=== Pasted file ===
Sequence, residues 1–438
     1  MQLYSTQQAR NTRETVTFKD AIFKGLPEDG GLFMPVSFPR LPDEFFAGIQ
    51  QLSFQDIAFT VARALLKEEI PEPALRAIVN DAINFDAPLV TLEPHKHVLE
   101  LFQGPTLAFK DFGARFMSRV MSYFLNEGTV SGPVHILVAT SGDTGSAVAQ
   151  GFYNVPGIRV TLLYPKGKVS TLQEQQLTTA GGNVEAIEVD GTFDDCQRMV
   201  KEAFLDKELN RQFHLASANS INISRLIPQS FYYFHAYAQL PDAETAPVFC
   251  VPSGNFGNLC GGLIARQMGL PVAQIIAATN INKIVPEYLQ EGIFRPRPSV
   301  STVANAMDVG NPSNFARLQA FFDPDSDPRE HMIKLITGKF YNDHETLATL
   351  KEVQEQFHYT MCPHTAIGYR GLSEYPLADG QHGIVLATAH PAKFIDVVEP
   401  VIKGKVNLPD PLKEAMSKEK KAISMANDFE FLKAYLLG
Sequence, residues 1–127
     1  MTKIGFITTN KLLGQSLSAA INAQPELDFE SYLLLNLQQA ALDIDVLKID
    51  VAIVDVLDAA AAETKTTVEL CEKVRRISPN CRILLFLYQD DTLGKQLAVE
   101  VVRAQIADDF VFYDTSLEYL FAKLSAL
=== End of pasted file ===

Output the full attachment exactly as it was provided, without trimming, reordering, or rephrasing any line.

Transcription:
Sequence, residues 1–438
     1  MQLYSTQQAR NTRETVTFKD AIFKGLPEDG GLFMPVSFPR LPDEFFAGIQ
    51  QLSFQDIAFT VARALLKEEI PEPALRAIVN DAINFDAPLV TLEPHKHVLE
   101  LFQGPTLAFK DFGARFMSRV MSYFLNEGTV SGPVHILVAT SGDTGSAVAQ
   151  GFYNVPGIRV TLLYPKGKVS TLQEQQLTTA GGNVEAIEVD GTFDDCQRMV
   201  KEAFLDKELN RQFHLASANS INISRLIPQS FYYFHAYAQL PDAETAPVFC
   251  VPSGNFGNLC GGLIARQMGL PVAQIIAATN INKIVPEYLQ EGIFRPRPSV
   301  STVANAMDVG NPSNFARLQA FFDPDSDPRE HMIKLITGKF YNDHETLATL
   351  KEVQEQFHYT MCPHTAIGYR GLSEYPLADG QHGIVLATAH PAKFIDVVEP
   401  VIKGKVNLPD PLKEAMSKEK KAISMANDFE FLKAYLLG
Sequence, residues 1–127
     1  MTKIGFITTN KLLGQSLSAA INAQPELDFE SYLLLNLQQA ALDIDVLKID
    51  VAIVDVLDAA AAETKTTVEL CEKVRRISPN CRILLFLYQD DTLGKQLAVE
   101  VVRAQIADDF VFYDTSLEYL FAKLSAL